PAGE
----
Skip to main content

Book Covers and Feminis...um???

As I mentioned in an earlier post, I recently joined the speech team at my school. Now, I know what you're thinking, non-existent readers, She's a choir nerd, an academic geek, an AV nerd, and now a speech geek, too??? Yes, yes I am. On a similar note, I think I'm switching back to glasses. Anyway, I competed for the first time this past weekend and learned a lot. Whoopee. I just thought I'd share some of my knowledge with you:

1. Don't judge the kid who wears a backpack, a bow tie, and square glasses. He's REALLY GOOD. He will make semifinals. He will beat you and then tell you how awesome you are. And then you will feel awesome and cheer him on when he beats you. Weird, huh?

2. Just like the weird kid who doesn't talk may be really nice, the kid who is nice in the beginning may be really competitive. He will stare at you and try to throw you off!! And it might work!!! Then he'll beat you...badly...and you will be angry.

3. Karma may or may not be real, but it is something fun to look for...like for instance, if someone is nice and throws you off and he beats you and you are angry and then he has a clumsy mishap (not that that happened or anything)...

4. Take the compliment...just take it....I was told by a competitor that my blue and gold suit matched my skin tone this weekend...umm???? I was a bit confuzzled (that's confused and puzzled mixed together), but I said thank you and it made the fact that I had blisters and dripping makeup less frustrating.

5. Finally, stand up for what you believe in. HOOORAAAAAYYYY, CHEEEESSSEEEE!!!! But seriously. I am a budding feminist who did a feminist piece. I was punished for it by a male judge and did not advance maybe like I should have. But life goes on. Even if you come across SEXIST PIIIGGGSSS, don't give up on the issue you stand for. Next time you come across one of those guys, change his mind.

Abby, Absolute Wannabe

Comments

Post a Comment

Popular posts from this blog

On School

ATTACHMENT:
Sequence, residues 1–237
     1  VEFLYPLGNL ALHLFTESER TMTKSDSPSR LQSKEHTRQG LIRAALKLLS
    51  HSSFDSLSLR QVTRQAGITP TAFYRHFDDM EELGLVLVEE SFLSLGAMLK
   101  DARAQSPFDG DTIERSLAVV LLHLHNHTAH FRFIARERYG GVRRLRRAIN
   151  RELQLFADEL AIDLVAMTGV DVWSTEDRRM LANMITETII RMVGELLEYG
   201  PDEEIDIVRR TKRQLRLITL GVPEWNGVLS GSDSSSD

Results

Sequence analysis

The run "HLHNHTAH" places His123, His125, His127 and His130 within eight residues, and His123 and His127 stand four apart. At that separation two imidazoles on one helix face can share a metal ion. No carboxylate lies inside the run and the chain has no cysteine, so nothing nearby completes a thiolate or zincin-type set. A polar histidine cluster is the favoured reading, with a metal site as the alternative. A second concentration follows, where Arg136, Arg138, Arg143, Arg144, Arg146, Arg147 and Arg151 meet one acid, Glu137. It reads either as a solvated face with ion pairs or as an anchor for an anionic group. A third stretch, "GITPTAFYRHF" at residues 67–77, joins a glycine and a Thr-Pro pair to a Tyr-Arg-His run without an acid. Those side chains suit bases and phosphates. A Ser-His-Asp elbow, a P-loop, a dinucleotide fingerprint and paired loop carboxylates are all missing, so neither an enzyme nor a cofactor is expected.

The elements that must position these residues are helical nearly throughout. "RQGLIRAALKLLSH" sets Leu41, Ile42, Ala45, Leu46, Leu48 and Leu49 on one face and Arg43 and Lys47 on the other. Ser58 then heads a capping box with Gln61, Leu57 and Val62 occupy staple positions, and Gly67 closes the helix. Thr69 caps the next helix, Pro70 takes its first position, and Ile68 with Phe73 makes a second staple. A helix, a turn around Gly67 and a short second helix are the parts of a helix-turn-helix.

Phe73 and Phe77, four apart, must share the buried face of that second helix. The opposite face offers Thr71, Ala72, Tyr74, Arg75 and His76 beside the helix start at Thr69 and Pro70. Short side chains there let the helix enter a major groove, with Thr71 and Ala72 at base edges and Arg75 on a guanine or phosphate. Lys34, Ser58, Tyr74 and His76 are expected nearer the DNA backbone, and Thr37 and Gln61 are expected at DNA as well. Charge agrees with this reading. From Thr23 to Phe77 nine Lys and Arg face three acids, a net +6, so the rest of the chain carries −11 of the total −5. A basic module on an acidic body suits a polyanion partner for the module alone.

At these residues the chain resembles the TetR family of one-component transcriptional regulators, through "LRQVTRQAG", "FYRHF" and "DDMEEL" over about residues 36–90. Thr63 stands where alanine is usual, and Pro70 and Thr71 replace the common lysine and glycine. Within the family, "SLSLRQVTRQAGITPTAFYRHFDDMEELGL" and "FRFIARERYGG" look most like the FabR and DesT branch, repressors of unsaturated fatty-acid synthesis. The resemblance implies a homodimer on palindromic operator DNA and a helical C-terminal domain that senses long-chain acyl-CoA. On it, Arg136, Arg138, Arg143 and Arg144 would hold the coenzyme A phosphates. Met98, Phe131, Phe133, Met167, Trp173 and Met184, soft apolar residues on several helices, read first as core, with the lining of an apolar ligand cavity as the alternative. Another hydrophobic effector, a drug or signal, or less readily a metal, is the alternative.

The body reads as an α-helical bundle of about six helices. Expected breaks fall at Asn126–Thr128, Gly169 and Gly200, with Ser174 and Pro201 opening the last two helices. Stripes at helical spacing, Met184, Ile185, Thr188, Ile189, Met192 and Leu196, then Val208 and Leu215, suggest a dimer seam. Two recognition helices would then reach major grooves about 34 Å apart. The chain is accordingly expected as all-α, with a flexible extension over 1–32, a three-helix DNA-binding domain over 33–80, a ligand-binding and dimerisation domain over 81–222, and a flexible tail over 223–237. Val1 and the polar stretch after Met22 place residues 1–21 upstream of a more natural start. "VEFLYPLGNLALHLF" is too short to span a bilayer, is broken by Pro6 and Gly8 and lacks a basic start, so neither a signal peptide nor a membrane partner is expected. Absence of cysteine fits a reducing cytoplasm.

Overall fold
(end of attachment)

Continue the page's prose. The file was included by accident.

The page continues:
School started a week and a half ago. This year, I'm faced with the typical new things, like classes, work load, schedule, and teachers, but I have also (re)joined the choir and the speech team, and we have a new volleyball coach. While I am excited about all of this new stuff, I can't help feeling like a scared little freshman, not knowing what to do at all and diving into whatever I can while screaming bloody murder. The start of school makes everyone feel really scared, agitated, depressed, or all of the above, I think, and I am most certainly no exception. I have been very mopey and angry and screamy and cry-y lately, and I have definitely been taking refuge in God, music, coffee, and exercise now more than anything. While I sit here, once again stressed and not helping myself by procrastinating and writing a blog post, I just wonder if I'm the only one who feels this way about a little thing like school. I'm sure I'm not, because there are billions of people ou

Worry

We've all got problems. We don't have good grades, our car broke down, we don't have enough friends on Facebook or Twitter or blog followers, we ate too much, we're starving, we don't know when our favorite TV show comes back on, we're missing a party or a big game for something really boring, our job sucks, etc. No matter how trivial these problems seem to other people (or your future self looking back on where you are now), they are tough and matter to us. They are real problems. That is, until something real happens. Something worthy of at least three episodes on a major TV show. A lot of times when something like this happens, we are in shock, not even able to comprehend what has just happened. Then, we have to go through our day, scared and numb. But finally, you get that moment when you can calm down. That may mean you have to clean, make a mess, scream in a pillow, talk to yourself, pray, talk to your neighbor's cat, read, write, watch your favorite

Cameron Crowe Ruined My Life

Believe me when I say that it pained me to type out the title to this post. Cameron Crowe is one of my very favorite filmmakers. To me, a guy who can write teenagers who are real people, really capture the full spectrum of human emotion, and incorporate a great soundtrack into his work is a real genius. Though it initially made me feel warm, fuzzy, and hopeful, a recent late night viewing of 2005's Elizabethtown  ended up making me a little nervous. I realized that Crowe was just like everybody else. Now, this probably doesn't make sense to those of you who admire his work. As a writer and filmmaker, Crowe definitely has a unique voice and vision that helps his work connect with all kinds of audiences. That's precisely the problem. Last week I wrote a post about how movies are only a reflection of life and not actually true to life itself. In the post, I mentioned that filmmakers are just one person with one perspective, and that is absolutely true of Crowe. In Crow